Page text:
Café du Monde once dueled for coffee supremacy in the French Market with the Morning Call (3325 Severn Ave., 504-885-4068). Founded in 1871, it offered an almost identical menu of café au lait and beignets right around the corner from Café du Monde. However, the Morning Call has been serving more recent generations from its new location in suburban Metairie, where it is still a 24-hour operation.

While tradition is revered in the Crescent City, time hasn’t stood still for other incarnations of the New Orleans coffeehouse, and the French Quarter offers many different takes on the experience. The French Quarter outpost of CC’s Coffee House (941 Royal St., 504-581-6996), for instance, combines the heritage of this long-time Louisiana coffee roaster with all the menu options and design elements of the much larger gourmet coffee chains. Meanwhile, one of the newest local coffeehouses evokes New Orleans’ voodoo traditions. VooBrew Café (830 N. Rampart St., 504-324-6420), located on the edge of the Quarter near Congo Square, serves all manner of coffee drinks amid voodoo totems and, for a fee, patrons may even have their fortune predicted through a reading of the coffee grounds left at the bottom of their cups.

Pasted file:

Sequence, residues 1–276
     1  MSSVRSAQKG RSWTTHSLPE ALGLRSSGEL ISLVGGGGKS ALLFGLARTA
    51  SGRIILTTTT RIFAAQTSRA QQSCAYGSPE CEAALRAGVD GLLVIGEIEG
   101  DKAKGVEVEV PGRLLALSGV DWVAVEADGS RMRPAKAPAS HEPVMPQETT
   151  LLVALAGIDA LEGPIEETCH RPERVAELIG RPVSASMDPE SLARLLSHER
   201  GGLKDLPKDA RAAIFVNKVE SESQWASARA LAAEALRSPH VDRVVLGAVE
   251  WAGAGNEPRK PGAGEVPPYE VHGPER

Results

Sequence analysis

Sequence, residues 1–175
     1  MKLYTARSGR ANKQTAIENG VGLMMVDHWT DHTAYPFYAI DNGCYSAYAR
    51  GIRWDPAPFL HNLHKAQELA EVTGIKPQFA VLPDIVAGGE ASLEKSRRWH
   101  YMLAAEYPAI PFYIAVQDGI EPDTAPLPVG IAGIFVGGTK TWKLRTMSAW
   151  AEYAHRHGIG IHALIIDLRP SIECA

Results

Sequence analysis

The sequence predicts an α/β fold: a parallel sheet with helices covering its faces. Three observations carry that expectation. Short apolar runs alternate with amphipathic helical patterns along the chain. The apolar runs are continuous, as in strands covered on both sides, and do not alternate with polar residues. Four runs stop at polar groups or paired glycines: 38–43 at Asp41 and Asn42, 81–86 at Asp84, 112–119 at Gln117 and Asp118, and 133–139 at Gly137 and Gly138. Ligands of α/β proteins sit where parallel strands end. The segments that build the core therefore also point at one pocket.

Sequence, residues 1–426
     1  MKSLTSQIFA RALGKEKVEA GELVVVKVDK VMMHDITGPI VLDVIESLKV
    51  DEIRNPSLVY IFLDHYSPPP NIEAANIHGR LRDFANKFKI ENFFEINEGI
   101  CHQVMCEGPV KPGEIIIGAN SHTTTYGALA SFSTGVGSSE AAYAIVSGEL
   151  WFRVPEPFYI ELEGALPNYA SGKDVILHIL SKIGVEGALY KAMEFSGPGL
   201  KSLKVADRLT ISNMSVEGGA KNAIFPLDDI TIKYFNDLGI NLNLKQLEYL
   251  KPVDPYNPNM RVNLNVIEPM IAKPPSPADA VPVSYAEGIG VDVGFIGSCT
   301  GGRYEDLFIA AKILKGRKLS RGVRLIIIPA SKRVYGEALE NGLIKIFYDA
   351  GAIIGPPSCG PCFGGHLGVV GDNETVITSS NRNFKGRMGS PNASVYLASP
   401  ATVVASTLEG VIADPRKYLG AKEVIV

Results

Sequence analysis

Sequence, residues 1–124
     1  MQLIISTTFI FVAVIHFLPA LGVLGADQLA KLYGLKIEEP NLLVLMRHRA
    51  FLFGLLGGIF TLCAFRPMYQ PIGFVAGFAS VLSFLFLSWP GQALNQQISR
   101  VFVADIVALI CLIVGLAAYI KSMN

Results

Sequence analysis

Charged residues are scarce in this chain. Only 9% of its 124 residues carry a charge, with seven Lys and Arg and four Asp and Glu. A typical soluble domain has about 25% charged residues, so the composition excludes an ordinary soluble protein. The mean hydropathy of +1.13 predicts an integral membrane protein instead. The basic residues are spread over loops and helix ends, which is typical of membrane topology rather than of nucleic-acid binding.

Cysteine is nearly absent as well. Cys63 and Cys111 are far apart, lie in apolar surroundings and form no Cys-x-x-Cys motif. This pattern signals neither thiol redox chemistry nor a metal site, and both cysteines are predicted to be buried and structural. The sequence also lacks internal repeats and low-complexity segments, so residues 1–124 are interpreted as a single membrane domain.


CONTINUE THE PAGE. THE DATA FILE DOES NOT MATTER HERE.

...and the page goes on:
Coffeehouses around the French Quarter are numerous and as varied as the people you see on the always colorful streets. From the lush courtyard of Royal Blend (621 Royal St., 504-523-2716), to the polished brass and woodwork of the sunny En Vie (1241 Decatur St., 504-524-3689), from the bustle outside Croissant d’Or (617 Ursulines St., 504-524-4663), these coffeehouses are united by New Orleans’ universal demand for quality coffee and the rich heritage that accompanies the brew here.

CC’s Coffee House
941 Royal St., 504-581-6996
Gourmet coffee chain from a local roaster.

Cafe Au Lait
307 Chartres St., 504-528-9933
A charming coffee house near galleries and restaurants.

Café Beignet (three locations)
334 Royal St., 504-524-5530
819 Decatur St., 504-524-8575
1031 Decatur St., 504-522-6868
Picturesque settings for traditional French doughnuts.

Café du Monde
1039 Decatur St., 504-525-4544
The oldest and most revered coffeehouse in New Orleans.

Croissant d’Or
617 Ursulines St., 504-524-4663
Parisian simplicity and elegance on a quiet back street.

En Vie
1241 Decatur St., 504-524-3689
Polished brash and broad windows amid boutiques.

La Boucherie Coffee House
335 Chartres St. 504-581-6868
Very cheerful space and a great kitchen supplements the coffee experience.

Royal Blend
621 Royal St., 504-523-2716
An almost hidden courtyard and quiet refuge in the heart of the Quarter.

VooBrew Café
830 N. Rampart St., 504-324-6420
Coffee brewed with a dose of local voodoo lore.

Ian McNulty is a freelance food writer and columnist, a frequent commentator on the New Orleans entertainment talk show “Steppin’ Out” and editor of the guidebook “Hungry? Thirsty? New Orleans.”